Recorder Will Help Swissair Probe
WASHINGTON (AP) _ Even though the flight-data recorder aboard Swissair Flight 111 shut down six minutes before the plane crashed, its modern design and the data it gathered after problems were first reported should yield far more information than investigators often obtain.
The recorder aboard the flight was a new digital unit that stored more than 100 types of information on a computer memory chip _ everything from engine speed to whether the smoke alarms were sounding.
By contrast, the recorder aboard TWA Flight 800, which exploded two years ago over Long Island Sound, harvested only 17 types of information and stopped recording the instant the Boeing 747 exploded.
The information recorded in the 10 minutes after the Swissair pilots first reported smoke in the cockpit of their MD-11 _ and before the final 6-minute blackout occurred _ should give a fairly clear picture of what was going wrong aboard the jumbo jet. The plane plunged into the waters off Peggy’s Cove, Nova Scotia, killing all 229 aboard.
``Sure, you’d like to know what the crew was doing in those final six minutes, but they should have a pretty good idea what was going wrong from the indicators beforehand,″ said Greg Francois, director of recorders for AlliedSignal in Redmond, Wash. The company is a leading manufacturer of cockpit voice recorders and flight data recorders, including those aboard TWA Flight 800.
AlliedSignal also made the older, magnetic-tape recorder that came with the ill-fated MD-11 when it was delivered to Swissair in August 1991. Afterward, Swissair replaced it with a digital F1000 model made by L-3 Communications Corp. of Sarasota, Fla., L-3 spokesman Bill Hardman said.
Hardman would provide no other information, citing the ongoing investigation.
The Federal Aviation Administration requires flight-data recorders and cockpit voice recorders on all planes capable of carrying 10 or more passengers in scheduled service.
The cockpit voice recorders capture conversations between the pilots as well as their conversations with air traffic controllers and their comments to the passenger cabin. They work on a 30-minute loop, recording the last half-hour of conversations. The Canadian Navy believes it has located the Swissair voice recorder, although bad weather delayed a recovery operation until Wednesday.
Flight-data recorders must capture a minimum of 11 to 29 types of information, depending on the size of the aircraft. The basics include airspeed, altitude and compass heading. The FAA has set rigid design requirements for both the flight-data recorder and the cockpit voice recorder.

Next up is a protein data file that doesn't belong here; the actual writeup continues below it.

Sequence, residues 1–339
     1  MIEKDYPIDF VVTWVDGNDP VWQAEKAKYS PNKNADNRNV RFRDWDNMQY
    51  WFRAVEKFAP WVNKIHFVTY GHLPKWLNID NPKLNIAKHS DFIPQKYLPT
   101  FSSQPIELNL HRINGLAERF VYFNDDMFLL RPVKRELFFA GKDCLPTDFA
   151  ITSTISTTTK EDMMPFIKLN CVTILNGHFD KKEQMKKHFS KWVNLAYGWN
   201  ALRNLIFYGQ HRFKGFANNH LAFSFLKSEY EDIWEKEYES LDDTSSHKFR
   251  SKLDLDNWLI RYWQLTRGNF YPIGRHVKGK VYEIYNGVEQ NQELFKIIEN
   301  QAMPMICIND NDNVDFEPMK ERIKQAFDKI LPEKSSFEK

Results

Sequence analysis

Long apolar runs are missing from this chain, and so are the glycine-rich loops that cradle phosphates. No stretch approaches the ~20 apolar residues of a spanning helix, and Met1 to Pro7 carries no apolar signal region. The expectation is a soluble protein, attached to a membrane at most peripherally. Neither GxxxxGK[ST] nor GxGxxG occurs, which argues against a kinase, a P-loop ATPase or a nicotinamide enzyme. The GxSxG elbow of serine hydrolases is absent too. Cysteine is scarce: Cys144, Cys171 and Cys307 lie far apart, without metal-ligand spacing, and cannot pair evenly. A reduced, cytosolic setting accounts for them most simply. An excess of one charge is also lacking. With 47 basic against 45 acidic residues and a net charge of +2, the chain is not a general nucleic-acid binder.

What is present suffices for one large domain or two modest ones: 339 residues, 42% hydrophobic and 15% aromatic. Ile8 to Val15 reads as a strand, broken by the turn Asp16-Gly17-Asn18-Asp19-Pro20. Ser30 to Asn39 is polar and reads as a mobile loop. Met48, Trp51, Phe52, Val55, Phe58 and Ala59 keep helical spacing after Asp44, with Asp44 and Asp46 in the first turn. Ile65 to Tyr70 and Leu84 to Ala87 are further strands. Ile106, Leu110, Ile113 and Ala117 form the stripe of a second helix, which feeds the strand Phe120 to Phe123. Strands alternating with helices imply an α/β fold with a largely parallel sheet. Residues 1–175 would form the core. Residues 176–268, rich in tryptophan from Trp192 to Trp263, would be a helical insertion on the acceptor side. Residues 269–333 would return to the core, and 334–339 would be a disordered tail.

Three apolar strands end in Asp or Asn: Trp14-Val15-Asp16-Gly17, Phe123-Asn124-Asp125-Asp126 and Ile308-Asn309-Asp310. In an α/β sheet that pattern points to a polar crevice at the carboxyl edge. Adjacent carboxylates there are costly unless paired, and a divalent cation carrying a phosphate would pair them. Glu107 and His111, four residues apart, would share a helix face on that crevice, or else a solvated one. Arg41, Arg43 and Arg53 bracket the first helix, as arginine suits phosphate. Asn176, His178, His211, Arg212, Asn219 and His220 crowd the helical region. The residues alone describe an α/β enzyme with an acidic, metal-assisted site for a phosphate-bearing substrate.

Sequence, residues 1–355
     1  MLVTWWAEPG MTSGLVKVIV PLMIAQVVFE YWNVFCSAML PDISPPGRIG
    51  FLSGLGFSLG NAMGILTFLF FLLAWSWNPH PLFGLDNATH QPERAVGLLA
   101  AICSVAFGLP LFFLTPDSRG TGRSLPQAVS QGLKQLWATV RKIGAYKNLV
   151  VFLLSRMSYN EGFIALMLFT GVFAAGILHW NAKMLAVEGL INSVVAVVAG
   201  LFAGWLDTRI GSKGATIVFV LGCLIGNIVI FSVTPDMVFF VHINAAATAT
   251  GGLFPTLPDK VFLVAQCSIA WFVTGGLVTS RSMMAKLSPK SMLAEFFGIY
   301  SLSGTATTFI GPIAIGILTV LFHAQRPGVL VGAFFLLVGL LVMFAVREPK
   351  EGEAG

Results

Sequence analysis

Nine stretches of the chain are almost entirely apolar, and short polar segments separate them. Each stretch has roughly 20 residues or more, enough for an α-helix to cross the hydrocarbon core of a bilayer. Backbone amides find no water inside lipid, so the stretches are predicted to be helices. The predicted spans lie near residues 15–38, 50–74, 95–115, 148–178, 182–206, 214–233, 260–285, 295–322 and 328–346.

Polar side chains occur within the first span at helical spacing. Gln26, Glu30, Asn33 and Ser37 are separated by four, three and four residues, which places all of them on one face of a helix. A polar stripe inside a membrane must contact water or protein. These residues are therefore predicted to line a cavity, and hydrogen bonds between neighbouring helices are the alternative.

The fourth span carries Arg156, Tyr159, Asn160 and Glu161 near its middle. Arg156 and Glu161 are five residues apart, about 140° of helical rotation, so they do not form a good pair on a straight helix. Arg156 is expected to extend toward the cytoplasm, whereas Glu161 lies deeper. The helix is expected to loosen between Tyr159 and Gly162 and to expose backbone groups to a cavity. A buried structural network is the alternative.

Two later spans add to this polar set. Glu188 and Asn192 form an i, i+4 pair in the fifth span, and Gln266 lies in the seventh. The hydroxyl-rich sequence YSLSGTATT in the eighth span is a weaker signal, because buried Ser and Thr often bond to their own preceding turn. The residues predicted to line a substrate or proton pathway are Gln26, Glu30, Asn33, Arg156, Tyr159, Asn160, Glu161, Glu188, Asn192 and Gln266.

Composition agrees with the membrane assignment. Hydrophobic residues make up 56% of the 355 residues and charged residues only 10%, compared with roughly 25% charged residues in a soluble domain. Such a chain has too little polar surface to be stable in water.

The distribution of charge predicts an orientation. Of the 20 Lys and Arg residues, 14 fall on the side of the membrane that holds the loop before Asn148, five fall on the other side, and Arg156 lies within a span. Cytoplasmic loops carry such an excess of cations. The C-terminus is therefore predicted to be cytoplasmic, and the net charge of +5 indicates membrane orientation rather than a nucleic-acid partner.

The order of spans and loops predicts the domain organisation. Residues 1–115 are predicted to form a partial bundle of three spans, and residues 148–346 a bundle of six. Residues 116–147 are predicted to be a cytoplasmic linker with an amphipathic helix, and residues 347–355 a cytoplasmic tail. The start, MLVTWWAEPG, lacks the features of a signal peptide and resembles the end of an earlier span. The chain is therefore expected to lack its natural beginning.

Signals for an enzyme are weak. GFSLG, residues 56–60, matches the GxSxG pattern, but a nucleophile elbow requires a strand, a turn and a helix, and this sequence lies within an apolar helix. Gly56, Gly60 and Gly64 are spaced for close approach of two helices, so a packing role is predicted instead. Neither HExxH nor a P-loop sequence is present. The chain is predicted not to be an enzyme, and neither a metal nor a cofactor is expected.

Both units, for example, must be able to withstand impacts of 3,400 times the forceof gravity. The normal person blacks out around nine times the force of gravity. The recorders also have to withstand a 2,000-degree fire for 30 minutes, as well as submersion in 20,000 feet of water for up to 30 days.
The units are powered by an aircraft’s engines or its auxiliary power units.
Francois, the AlliedSignal executive, said the power loss in the Swissair plane occurred either in the recorder or in a data collection unit that feeds the recorder. Either way, he said it was inconsequential, because if those units lost power, most likely the instruments feeding them data also lost power.
He said there has been an industry debate about installing batteries to the cockpit voice recorder, since conversations could continue even after an aircraft’s instruments lost power. The Federal Aviation Administration has not required battery backups.
Francois also addressed a question that is often asked by the flying public: If a black box can survive a crash, why can’t the airplane carrying it?
While planes are made of lightweight aluminum, flight-data and cockpit voice recorders are encased in hardened steel or titanium. They can weigh as much as 10 pounds, even though they aren’t much bigger than a loaf of bread.
``If you multiple that out in an airplane, the thing would never get off the ground,″ Francois said. ``It would be too heavy.″